This region is located along the Caribbean coast of Honduras and is characterized by its swampy, tropical terrain. The eastern Caribbean lowlands are home to various wildlife, including jaguars, monkeys, and crocodiles.
The eastern Caribbean lowlands, along with their mountain slopes, occupy about 20% of the land area of Honduras. In addition, the northern part of the Mosquito (Miskito) Coast is located here.
Hot and humid, this region is densely forested in the interior highlands. Lumber is an important industry. However, the scattered population is mainly supported by subsistence agriculture and fishing.
Northern Coastal Plains and Mountains
This region is located in the northeastern corner of Honduras, characterized by its rolling hills and coastal plains. The northern coastal plains and mountains are home to important natural resources, including timber and gold.
These alluvial coastal plains and mountains of the north make up only about an eighth of the land area of Honduras. However, they contain approximately a quarter of the total population.
This is an economically important agricultural region. The rich, loamy soils are vital in crop production, including rice, cassava, palm oil, maize, bananas, citrus fruits, and beans. Cattle-raising is also prevalent.
The coastal region supports important ports of import and export and railroad lines to and from the interior. Located on the northern Caribbean coast of the country, Puerto Cortes is the largest seaport in Central America.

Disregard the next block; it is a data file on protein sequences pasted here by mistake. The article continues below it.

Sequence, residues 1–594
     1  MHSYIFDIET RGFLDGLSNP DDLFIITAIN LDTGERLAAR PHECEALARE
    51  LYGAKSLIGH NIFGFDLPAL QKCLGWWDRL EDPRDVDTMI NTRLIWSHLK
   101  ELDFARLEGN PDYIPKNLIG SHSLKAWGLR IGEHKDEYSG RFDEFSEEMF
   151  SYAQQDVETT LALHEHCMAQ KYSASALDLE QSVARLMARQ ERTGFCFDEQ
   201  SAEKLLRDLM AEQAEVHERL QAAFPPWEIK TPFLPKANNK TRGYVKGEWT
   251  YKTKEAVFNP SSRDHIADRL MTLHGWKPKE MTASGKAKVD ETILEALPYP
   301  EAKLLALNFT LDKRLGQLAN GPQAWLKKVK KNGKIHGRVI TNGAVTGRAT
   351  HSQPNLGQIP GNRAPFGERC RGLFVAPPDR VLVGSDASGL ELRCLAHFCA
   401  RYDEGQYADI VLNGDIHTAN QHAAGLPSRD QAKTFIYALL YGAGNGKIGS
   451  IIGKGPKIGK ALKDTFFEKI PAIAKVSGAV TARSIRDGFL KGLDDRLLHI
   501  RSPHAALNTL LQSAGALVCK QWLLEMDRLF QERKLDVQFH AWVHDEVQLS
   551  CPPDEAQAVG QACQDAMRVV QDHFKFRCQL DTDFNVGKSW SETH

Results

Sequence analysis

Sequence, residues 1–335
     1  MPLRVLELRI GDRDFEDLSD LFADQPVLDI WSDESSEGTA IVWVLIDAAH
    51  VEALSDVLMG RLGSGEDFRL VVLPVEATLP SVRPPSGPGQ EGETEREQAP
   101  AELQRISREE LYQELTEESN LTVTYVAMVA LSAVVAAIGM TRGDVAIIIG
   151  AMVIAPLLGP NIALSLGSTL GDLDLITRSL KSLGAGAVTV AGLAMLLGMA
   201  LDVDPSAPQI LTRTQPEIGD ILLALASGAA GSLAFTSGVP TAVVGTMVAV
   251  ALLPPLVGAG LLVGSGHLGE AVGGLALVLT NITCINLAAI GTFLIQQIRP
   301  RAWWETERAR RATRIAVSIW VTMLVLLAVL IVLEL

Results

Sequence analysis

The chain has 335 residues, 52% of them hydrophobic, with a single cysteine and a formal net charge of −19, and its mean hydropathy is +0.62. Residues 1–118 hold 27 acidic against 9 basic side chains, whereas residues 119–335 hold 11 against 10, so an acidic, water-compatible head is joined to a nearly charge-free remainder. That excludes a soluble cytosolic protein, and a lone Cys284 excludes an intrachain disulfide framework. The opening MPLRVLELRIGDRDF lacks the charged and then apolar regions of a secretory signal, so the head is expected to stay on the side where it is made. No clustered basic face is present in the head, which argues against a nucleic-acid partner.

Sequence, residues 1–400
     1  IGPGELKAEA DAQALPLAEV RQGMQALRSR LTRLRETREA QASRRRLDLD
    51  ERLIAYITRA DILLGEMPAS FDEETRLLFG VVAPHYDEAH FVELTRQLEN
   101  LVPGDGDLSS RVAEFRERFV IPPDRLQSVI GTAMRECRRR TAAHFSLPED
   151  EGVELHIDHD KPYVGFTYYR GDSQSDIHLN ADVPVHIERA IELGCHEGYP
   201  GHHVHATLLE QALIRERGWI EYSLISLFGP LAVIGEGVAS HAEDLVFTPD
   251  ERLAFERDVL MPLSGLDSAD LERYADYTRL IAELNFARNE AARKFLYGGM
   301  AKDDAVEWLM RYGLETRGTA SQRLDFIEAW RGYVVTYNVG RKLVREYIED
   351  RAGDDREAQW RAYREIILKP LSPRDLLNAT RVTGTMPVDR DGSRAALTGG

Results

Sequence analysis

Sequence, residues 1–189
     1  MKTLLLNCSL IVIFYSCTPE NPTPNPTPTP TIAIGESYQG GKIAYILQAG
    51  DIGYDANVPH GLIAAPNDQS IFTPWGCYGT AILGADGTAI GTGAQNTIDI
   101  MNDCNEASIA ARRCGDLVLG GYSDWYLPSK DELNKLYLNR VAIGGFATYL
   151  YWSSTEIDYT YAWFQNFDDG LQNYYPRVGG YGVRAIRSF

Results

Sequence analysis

This region is located in the western and central parts of Honduras and is characterized by its mountainous terrain. The central highlands are home to various ecosystems, including rainforests, cloud forests, and pine forests.
The Sierra Madre de Chiapas runs east and west, taking up two-thirds of the country's territory. The central highlands contain the vast majority of the population. Here, the mountains are rugged. Cerro Las Minas, the highest point in the country, is located in the western part of the region.
Flat valleys lie between 600 - 1,200 m (2,000 - 4,000 ft). The soils, derived from lava and volcanic ash, are generally fertile. Agricultural production includes coffee, tobacco, wheat, corn, sorghum, beans, fruits, and vegetables and supports raising livestock such as cattle, poultry, and hogs.
This region is located along the Pacific coast of Honduras and is characterized by its flat, fertile land. The Pacific lowlands are home to several important crops, including coffee, bananas, and sugarcane.